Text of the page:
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Forgiveness

Forgiveness as a Missing Piece to Peace Between Ukraine and Russia

Forgiveness education for adults and children is key.

Key points

  • Solzhenitsyn's principle of subsidiarity is that local groups should be given the freedom to make their own decisions.
  • Given that some communities in Ukraine have a Russian heritage and some favor a European identity, different groups may have different solutions.
  • Subsidiarity needs a means to its success and forgiveness education just may be that means as people see each other as possessing inherent worth.
  • If the differing sides can see the inherent worth in the other through forgiveness education then dialogue may be fruitful.

In April 1981, Aleksandr Solzhenitsyn wrote a letter to the Toronto conference on Russian-Ukrainian relations, emphasizing the principle of subsidiarity in which local groups should be given the freedom to make their own decisions. In the case of Ukraine, this does not mean having the entire country decide whether or not it will once again belong to Russia or stay independent. Instead, again leaning on the theme of subsidiarity, Solzhenitsyn suggested that the rights of particular localities within the current borders of Ukraine should be allowed to make these decisions. This likely would mean that those with the stronger Russian heritage would secede from Ukraine and those with the stronger Eastern European heritage would remain independent of Russia.

Les Cunliffe _Dreamstime
Source: Les Cunliffe _Dreamstime

A key issue, then, is to recognize, not just political boundaries, but more importantly, the genuine personhood in people within and across those boundaries, a personhood that is so precious that it transcends nationalism. Such thinking does not just appear overnight at the right place at the right time. It takes time and heroic effort to develop.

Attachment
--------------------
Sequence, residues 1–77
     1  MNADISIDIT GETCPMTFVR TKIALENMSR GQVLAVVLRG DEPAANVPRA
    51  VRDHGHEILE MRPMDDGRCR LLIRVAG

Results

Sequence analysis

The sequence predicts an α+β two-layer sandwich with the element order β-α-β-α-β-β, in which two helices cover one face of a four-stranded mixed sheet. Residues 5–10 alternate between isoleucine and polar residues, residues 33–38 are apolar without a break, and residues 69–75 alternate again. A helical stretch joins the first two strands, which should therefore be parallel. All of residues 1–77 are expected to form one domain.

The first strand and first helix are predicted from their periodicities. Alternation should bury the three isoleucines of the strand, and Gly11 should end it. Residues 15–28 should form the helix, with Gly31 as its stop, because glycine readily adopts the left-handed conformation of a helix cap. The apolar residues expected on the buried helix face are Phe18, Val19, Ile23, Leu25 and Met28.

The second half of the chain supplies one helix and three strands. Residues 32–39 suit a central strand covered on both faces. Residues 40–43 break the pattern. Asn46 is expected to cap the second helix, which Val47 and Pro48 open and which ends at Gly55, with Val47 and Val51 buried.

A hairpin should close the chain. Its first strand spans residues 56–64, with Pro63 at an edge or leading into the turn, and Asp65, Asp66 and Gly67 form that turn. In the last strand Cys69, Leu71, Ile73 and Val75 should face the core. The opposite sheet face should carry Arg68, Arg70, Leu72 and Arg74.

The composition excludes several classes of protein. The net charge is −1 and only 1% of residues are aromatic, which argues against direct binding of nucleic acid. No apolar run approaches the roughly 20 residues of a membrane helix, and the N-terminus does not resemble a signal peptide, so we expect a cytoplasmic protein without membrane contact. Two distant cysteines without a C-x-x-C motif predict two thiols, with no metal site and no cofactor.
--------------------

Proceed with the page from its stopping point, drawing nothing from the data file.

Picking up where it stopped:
Peace and Subsidiarity Explained through Aristotle's Four Causes

KuanShu Designs, used with permission
Source: KuanShu Designs, used with permission

We can more deeply analyze Solzhenitsyn's proposed subsidiarity through the philosophical approach of Aristotle’s four causes: the Formal, Final, Efficient, and Material Causes. Peace is the Final Cause or endpoint of the conflict between Ukraine and Russia. That which brings something else into being, the means by which it emerges, is the Efficient Cause. Subsidiarity is one such possible Efficient Cause for bringing about peace as people might agree to disagree on which parts of Ukraine remain independent and which join Russia, if they so choose as a community to do so. Yet, and this is very important because Solzhenitsyn did not say how subsidiarity is to be brought about, I am suggesting here, as part of this bringing-about, a secondary Aristotelian Efficient Cause to make subsidiarity even possible: forgiveness education. Forgiveness needs to be deliberately brought into this process. In other words, it may be forgiveness education, deliberately incorporated into the schools and houses of worship throughout Ukraine, that makes subsidiarity possible, which then makes the Final Cause of peace possible.

KuanShu Designs, used with permission
Source: KuanShu Designs, used with permission